Chronicle of the Conquest of Granada/Chapter XXVI

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Chapter XXVI[edit]


In this part of his chronicle the worthy father Fray Antonio Agapida indulges in triumphant exultation over the downfall of Zahara. Heaven sometimes speaks (says he) through the mouths of false prophets for the confusion of the wicked. By the fall of this fortress was the prediction of the santon of Granada in some measure fulfilled, that "the ruins of Zahara should fall upon the heads of the infidels."

Our zealous chronicler scoffs at the Moorish alcayde who lost his fortress by surprise in broad daylight, and contrasts the vigilance of the Christian governor of Alhama, the town taken in retaliation for the storming of Zahara.

The important post of Alhama was at this time confided by King Ferdinand to Don Inigo Lopez de Mendoza, count of Tendilla, a cavalier of noble blood, brother to the grand cardinal of Spain. He had been instructed by the king not merely to maintain his post, but also to make sallies and lay waste the surrounding country. His fortress was critically situated. It was within seven leagues of Granada, and at no great distance from the warlike city of Loxa. It was nestled in the lap of the mountains commanding the high-road to Malaga and a view over the extensive Vega. Thus situated, in the heart of the enemy's country, surrounded by foes ready to assail him and a rich country for him to ravage, it behooved this cavalier to be for ever on the alert. He was in fact an experienced veteran, a shrewd and wary officer, and a commander amazingly prompt and fertile in expedients.

On assuming the command he found that the garrison consisted but of one thousand men, horse and foot. They were hardy troops, seasoned in rough mountain-campaigning, but reckless and dissolute, as soldiers are apt to be when accustomed to predatory warfare. They would fight hard for booty, and then gamble it heedlessly away or squander it in licentious revelling. Alhama abounded with hawking, sharping, idle hangers-on, eager to profit by the vices and follies of the garrison. The soldiers were oftener gambling and dancing beneath the walls than keeping watch upon the battlements, and nothing was heard from morning till night but the noisy contests of cards and dice, mingled with the sound of the bolero or fandango, the drowsy strumming of the guitar, and the rattling of the castanets, while often the whole was interrupted by the loud brawl and fierce and bloody contest.

The count of Tendilla set himself vigorously to reform these excesses: he knew that laxity of morals is generally attended by neglect of duty, and that the least breach of discipline in the exposed situation of his fortress might be fatal. "Here is but a handful of men," said he; "it is necessary that each man should be a hero."

He endeavored to awaken a proper ambition in the minds of his soldiers and to instil into them the high principles of chivalry. "A just war," he observed, "is often rendered wicked and disastrous by the manner in which it is conducted; for the righteousness of the cause is not sufficient to sanction the profligacy of the means, and the want of order and subordination among the troops may bring ruin and disgrace upon the best-concerted plans." But we cannot describe the character and conduct of this renowned commander in more forcible language than that of Fray Antonio Agapida, excepting that the pious father places in the foreground of his virtues his hatred of the Moors. "The count de Tendilla," says he, "was a mirror of Christian knighthood--watchful, abstemious, chaste, devout, and thoroughly filled with the spirit of the cause. He labored incessantly and strenuously for the glory of the faith and the prosperity of their most Catholic majesties; and, above all, he hated the infidels with a pure and holy hatred. This worthy cavalier discountenanced all idleness, rioting, chambering, and wantonness among his soldiery. He kept them constantly to the exercise of arms, making them adroit in the use of their weapons and management of their steeds, and prompt for the field at a moment's notice. He permitted no sound of lute or harp or song or other loose minstrelsy to be heard in his fortress, debauching the ear and softening the valor of the soldier; no other music was allowed but the wholesome rolling of the drum and braying of the trumpet, and such like spirit-stirring instruments as fill the mind with thoughts of iron war. All wandering minstrels, sharping peddlers, sturdy trulls, and other camp trumpery were ordered to pack up their baggage, and were drummed out of the gates of Alhama. In place of such lewd rabble he introduced a train of holy friars to inspirit his people by exhortation and prayer and choral chanting, and to spur them on to fight the good fight of faith. All games of chance were prohibited except the game of war, and this he labored, by vigilance and vigor, to reduce to a game of certainty. Heaven smiled upon the efforts of this righteous cavalier. His men became soldiers at all points and terrors to the Moors. The good count never set forth on a ravage without observing the rites of confession, absolution, and communion, and obliging his followers to do the same. Their banners were blessed by the holy friars whom he maintained in Alhama; and in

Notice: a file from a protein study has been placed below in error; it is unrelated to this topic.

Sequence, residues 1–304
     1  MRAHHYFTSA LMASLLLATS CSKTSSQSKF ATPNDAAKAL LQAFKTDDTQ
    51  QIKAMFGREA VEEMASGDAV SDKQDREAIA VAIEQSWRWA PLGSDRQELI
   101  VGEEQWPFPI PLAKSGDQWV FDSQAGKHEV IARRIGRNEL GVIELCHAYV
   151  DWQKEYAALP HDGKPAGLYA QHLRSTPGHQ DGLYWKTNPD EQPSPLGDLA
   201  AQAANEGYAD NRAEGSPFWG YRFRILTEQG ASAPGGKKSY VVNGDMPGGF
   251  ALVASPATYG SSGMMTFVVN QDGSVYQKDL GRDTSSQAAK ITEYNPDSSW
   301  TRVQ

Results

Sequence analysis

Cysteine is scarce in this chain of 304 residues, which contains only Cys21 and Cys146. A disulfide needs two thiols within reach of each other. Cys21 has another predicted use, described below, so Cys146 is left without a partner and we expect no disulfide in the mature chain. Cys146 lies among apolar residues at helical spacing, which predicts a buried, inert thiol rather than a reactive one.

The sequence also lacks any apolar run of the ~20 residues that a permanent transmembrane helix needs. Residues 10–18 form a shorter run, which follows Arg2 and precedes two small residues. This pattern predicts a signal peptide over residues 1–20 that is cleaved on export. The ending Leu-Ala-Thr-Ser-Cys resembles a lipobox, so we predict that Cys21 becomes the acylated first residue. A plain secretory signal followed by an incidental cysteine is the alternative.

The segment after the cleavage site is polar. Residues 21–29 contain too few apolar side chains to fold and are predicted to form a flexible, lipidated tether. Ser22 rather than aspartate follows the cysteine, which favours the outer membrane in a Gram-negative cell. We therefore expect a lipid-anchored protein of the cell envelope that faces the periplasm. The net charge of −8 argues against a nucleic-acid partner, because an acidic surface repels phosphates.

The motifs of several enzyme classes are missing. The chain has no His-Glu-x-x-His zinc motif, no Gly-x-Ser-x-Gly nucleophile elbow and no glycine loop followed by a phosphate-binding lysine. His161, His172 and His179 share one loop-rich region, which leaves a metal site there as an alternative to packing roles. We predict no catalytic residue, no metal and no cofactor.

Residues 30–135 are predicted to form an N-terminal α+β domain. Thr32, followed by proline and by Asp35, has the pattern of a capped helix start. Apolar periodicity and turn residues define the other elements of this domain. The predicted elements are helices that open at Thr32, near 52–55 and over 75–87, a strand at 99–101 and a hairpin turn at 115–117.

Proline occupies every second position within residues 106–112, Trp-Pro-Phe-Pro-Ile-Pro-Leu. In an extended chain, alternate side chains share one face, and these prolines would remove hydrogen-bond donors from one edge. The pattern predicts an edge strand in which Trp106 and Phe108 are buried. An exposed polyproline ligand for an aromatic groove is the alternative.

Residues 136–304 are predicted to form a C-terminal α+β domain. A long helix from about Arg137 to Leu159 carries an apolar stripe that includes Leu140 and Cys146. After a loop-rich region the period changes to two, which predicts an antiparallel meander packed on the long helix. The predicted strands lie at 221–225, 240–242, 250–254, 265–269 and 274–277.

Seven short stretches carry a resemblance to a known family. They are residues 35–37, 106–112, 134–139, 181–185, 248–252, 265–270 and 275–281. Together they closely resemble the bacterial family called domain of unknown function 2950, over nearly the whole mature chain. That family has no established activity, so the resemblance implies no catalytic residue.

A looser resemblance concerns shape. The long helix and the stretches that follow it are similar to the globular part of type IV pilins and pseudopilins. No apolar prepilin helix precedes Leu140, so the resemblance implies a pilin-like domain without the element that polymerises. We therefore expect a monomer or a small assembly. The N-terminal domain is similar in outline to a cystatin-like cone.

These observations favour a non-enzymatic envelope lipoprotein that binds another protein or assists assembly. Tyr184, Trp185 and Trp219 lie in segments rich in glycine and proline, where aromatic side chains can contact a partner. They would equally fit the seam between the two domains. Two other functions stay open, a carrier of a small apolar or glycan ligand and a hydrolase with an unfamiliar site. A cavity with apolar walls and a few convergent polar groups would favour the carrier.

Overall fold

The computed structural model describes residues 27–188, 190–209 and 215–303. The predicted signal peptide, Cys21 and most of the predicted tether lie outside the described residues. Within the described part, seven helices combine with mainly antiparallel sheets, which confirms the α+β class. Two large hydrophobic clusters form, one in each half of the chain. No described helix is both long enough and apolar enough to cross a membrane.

this way success was secured to his arms and he was enabled to lay waste the land of the heathen."